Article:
The Human Body

Breast

Breast, one of a pair of glandular organs in mammals that secrete milk for newborns and infants. Also known as a mammary gland, particularly in nonhuman mammals, the breast is unique to mammals and is not found in any other type of animal. In humans, the female breast has a distinctive rounded shape while the male breast remains flat and undeveloped. Only mature females can produce milk, which is rich in nutrients, antibodies, and other substances that aid in a baby’s growth and development.

The surface of a human breast has a circular, pigmented area in the center called the areola. The nipple, a rounded protruding structure, lies in the center of the areola. In mature women the breast contains a collection of 10 to 15 tubes, called ducts, that connect to the nipple. These ducts branch out from the nipple into the interior of the breast, ending in clusters of rounded cells, called lobules, that produce the milk. In addition to the structures directly connected with the production and outflow of milk, the breast is composed of fatty tissue and ligaments that provide support and shape.

In humans, a woman’s breast size and shape vary widely, depending on her age and whether she is pregnant or going through a menstrual cycle. Breast development begins in girls about 10 to 12 years old, when the ovaries start to produce the hormone estrogen. Completion of breast development, which occurs around 16 to 18 years old, requires the interaction of other hormones such as progesterone, prolactin, and corticosteroids.

After breast growth is completed, the breasts typically undergo monthly cyclic changes in response to fluctuating hormone levels in the blood that occur during the menstrual cycle. Just before the onset of menstruation, the breasts are often swollen and tender because the ductal system expands in preparation for pregnancy. If pregnancy does not occur, the estrogen level falls and the breasts return to normal.

During pregnancy there is a remarkable growth of ducts and lobules in the breast along with a thickening of the nipples. After a baby is born, the hormone prolactin stimulates milk production in the breast. Initially, the breast produces a thick yellow liquid called colostrum, which is particularly rich in the disease-fighting substances called antibodies. Within three to five days, the breast produces milk as the suckling infant stimulates the release of another hormone called oxytocin. This hormone causes contractions in the network of cells that surround the ducts and lobules, so that milk readily flows from the breast and into the mouth of the hungry infant.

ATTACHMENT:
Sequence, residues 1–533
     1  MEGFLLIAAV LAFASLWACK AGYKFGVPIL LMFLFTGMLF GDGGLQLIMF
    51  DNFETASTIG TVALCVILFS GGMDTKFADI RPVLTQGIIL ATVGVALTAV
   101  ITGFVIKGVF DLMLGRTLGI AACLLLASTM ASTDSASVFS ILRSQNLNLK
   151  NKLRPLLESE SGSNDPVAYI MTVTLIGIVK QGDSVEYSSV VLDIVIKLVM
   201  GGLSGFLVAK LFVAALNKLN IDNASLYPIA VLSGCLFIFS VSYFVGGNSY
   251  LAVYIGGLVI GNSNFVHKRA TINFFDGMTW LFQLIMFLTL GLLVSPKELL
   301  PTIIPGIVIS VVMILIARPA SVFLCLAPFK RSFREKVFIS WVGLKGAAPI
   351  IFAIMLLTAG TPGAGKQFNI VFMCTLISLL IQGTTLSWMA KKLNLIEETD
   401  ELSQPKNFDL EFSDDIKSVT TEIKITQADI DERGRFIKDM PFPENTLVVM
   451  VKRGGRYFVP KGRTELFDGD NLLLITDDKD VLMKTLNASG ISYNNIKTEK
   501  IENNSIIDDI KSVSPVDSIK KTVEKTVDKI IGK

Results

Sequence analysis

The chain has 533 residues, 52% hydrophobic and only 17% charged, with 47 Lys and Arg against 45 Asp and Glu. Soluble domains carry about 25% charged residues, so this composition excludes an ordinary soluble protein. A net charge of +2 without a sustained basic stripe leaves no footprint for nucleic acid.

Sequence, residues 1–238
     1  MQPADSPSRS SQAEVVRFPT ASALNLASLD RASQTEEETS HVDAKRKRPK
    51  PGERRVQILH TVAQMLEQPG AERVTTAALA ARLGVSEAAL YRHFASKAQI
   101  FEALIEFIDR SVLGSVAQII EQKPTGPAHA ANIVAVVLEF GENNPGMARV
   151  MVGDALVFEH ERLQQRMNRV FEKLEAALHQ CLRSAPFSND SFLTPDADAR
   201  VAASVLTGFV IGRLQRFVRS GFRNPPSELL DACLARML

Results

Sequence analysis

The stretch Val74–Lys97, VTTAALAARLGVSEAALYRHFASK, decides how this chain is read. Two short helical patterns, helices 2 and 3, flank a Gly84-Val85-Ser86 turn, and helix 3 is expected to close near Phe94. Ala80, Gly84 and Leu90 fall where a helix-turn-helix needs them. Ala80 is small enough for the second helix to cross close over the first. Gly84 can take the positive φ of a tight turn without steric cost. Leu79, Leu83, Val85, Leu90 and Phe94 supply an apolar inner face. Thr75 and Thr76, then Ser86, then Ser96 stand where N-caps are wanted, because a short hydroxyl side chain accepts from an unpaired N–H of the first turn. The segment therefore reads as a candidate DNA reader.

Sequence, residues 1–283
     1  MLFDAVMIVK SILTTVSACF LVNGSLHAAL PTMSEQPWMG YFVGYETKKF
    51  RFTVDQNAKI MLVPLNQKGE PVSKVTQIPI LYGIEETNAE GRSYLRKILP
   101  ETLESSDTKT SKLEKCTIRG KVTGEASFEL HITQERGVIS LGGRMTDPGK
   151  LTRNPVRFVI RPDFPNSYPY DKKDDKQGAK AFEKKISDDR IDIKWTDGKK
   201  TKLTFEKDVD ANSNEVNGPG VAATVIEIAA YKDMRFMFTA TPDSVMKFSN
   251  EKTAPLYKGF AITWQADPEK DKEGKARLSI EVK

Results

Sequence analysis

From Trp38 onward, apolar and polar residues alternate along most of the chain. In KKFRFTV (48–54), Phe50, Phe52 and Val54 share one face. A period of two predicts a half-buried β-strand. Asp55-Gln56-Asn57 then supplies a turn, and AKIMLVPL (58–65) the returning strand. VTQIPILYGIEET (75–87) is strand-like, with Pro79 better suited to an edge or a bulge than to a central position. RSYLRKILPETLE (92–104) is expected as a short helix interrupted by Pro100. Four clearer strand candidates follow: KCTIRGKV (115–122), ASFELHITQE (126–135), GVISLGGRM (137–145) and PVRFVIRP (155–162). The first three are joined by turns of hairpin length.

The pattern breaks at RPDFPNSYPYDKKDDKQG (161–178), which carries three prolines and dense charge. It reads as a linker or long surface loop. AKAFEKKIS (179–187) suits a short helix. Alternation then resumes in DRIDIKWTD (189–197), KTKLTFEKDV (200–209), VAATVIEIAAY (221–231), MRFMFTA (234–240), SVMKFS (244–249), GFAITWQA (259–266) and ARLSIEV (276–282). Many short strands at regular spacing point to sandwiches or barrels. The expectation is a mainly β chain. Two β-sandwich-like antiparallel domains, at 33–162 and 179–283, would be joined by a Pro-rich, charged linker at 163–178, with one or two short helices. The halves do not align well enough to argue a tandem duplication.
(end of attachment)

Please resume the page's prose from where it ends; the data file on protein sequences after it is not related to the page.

As a woman passes the childbearing age and enters menopause, the ovaries stop producing estrogen. The decreased stimulation from this hormone causes the milk-producing ducts and lobules in the breast to be replaced with extra fatty tissue.

Breasts are naturally lumpy, but any area of the breast that becomes more prominent than the surrounding tissue or feels unusually firm requires the attention of a physician. Breast lumps are a common problem in women and may range from a cyst, a fluid-filled structure that does not pose a cancer risk, to breast cancer, the most common type of cancer in women other than skin cancer. Also, in men between 20 and 40 years of age, breast enlargement can be a sign of testicular cancer, and breast lumps in men over 40, although rare, can be an indication of breast cancer.

Often one of the first diagnostic tests performed to evaluate a lump, an ultrasound is able to distinguish a cyst from a solid mass, a possible indication of cancer that requires further investigation. Solid lumps are evaluated with a special X-ray procedure called a mammogram, currently the best tool available for early detection of breast cancer. A mammogram may be followed by needle aspiration, a type of biopsy in which cells are removed from the lump and examined under a microscope. If these test results are normal, the lump is unlikely to be cancer. It may be removed or monitored carefully for signs of growth. If cancer is suspected, or if the lump shows signs of growth later, surgical removal is usually necessary.

As a preventive measure, physicians encourage regular breast self-examinations in which a woman uses her fingers to feel for changes in breast shape and fluid discharge from the nipple. Physicians also urge women to have regular mammograms, which can detect very small cancers before a lump begins to develop. These small cancers typically respond to treatment better than cancers that have grown large enough to produce a lump.